1. Then directed the Clerk of the Crown to add a charge of fabricating false evidence under Section 193 of the Penal Code, with reference to the provisions of Section 227 of the Code of Criminal Procedure.
2. Mr. Howell, for the prisoner, objected that the Court had no power under Section 227 to add a fresh charge upon which the accused had not been committed for trial. All that the Court could do was to alter the existing charges: what it was proposed to do was not to 'alter' the charges, but to leave them untouched, and to add another charge perfectly distinct from them. He cited Queen-Empress v. Appa Subhana Mendre I. L. R., 8 Bom., 200.
3. The Public Prosecutor (Mr. Boss), for the Crown, contended, in reply, that the practice of the Court had always been, when such a course was necessary, to alter or add to the charge in the manner proposed, and that such a procedure was covered by the terms of Section 227 of the Criminal Procedure Code.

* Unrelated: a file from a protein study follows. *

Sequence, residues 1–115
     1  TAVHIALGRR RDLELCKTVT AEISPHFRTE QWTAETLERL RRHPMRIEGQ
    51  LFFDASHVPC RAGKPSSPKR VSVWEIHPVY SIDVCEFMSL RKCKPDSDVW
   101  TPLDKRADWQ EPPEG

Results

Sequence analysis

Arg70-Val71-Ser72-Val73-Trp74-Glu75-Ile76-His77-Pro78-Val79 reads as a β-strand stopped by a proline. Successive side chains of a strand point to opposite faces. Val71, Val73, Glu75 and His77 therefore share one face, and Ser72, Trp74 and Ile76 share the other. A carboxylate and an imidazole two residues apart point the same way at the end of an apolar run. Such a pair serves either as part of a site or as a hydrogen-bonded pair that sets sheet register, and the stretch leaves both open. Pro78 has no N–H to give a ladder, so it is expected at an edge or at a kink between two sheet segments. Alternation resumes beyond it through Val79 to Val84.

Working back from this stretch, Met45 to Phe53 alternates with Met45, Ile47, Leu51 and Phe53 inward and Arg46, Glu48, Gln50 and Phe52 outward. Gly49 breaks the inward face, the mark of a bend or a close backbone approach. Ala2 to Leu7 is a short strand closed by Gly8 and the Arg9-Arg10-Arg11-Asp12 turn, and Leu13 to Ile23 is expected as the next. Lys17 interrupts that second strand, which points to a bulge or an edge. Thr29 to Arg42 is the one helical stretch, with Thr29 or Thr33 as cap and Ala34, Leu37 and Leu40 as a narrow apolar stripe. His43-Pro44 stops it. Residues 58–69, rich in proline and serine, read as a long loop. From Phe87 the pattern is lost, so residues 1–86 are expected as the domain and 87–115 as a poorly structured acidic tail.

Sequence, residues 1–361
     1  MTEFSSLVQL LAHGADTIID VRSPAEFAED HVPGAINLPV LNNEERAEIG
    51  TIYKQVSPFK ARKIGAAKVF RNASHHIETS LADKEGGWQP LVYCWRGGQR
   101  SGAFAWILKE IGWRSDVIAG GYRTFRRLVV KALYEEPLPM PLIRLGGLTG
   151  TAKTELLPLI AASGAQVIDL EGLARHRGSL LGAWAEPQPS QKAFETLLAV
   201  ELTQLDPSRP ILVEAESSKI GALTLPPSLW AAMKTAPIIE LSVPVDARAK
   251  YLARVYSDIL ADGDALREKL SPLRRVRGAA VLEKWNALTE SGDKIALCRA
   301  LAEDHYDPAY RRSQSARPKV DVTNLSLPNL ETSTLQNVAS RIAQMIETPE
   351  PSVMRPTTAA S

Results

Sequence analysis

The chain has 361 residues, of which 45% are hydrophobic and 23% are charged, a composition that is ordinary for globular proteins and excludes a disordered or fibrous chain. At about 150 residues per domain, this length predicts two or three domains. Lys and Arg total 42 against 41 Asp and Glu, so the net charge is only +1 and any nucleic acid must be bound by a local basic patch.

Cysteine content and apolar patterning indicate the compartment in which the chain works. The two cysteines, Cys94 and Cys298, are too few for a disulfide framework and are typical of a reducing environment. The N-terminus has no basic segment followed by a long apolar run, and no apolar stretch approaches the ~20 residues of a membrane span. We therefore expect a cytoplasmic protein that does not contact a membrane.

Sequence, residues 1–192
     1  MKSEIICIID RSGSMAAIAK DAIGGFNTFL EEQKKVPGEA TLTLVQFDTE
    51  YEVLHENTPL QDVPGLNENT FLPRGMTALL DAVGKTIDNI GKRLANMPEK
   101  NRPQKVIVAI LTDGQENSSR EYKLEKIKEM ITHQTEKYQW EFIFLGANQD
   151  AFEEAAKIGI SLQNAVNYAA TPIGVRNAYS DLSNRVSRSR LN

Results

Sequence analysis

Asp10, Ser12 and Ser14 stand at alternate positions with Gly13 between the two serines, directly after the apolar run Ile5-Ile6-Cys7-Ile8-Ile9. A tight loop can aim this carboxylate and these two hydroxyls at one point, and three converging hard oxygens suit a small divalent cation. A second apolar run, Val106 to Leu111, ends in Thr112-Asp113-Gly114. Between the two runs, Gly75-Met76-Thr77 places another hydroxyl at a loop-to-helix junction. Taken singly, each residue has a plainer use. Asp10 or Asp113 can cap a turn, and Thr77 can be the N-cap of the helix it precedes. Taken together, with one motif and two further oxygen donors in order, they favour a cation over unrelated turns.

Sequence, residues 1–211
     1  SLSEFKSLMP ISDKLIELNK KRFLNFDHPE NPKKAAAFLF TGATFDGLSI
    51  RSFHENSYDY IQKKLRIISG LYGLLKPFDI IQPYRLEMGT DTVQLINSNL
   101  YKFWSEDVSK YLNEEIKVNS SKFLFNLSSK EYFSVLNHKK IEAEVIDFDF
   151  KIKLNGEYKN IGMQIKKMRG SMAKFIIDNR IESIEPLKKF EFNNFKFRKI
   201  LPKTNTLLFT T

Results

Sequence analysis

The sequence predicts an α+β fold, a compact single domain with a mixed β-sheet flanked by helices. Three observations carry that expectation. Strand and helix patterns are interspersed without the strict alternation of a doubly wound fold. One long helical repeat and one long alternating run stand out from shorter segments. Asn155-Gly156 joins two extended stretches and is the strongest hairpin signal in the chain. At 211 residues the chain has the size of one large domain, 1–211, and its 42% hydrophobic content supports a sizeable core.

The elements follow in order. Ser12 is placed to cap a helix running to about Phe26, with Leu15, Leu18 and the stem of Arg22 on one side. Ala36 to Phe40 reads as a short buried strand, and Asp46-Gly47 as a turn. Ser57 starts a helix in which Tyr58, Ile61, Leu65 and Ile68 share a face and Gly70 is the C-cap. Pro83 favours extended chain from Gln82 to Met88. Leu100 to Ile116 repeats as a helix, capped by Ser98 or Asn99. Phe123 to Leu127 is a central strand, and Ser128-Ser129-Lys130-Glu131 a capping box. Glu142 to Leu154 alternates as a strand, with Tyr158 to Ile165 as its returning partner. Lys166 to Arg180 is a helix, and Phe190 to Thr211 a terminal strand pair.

4. Overruled the objection. His Lordship was not bound by the decision of the Bombay High Court in the case referred to, and the Court in that case was not unanimous. He agreed with the dissentient judgment of Mr. Justice SCOTT, and considered that the course he proposed to take was within the meaning of the words 'alter any charge' used in Section 227 of the Code.
5. The charge under Section 193 of the Penal Code was then added. The prisoner pleaded guilty to this charge. Upon the direction of the Court, the jury returned a verdict of not guilty upon the charges under Sections 467 and 471, and upon the charge under Section 193 convicted him on his plea of guilty. The Court sentenced him to ten months' rigorous imprisonment.See The Queen v. Waris Ali, N.-W.P. H.C. Rep., 1871, p. 337, The Code of Criminal Procedure then in force was Act XXV of 1861, Section 244 of which corresponding with Section 227 of the present Code.) provided that 'it shall be competent to any Court before which a trial is held, at any stage of the trial to amend or alter the charge.'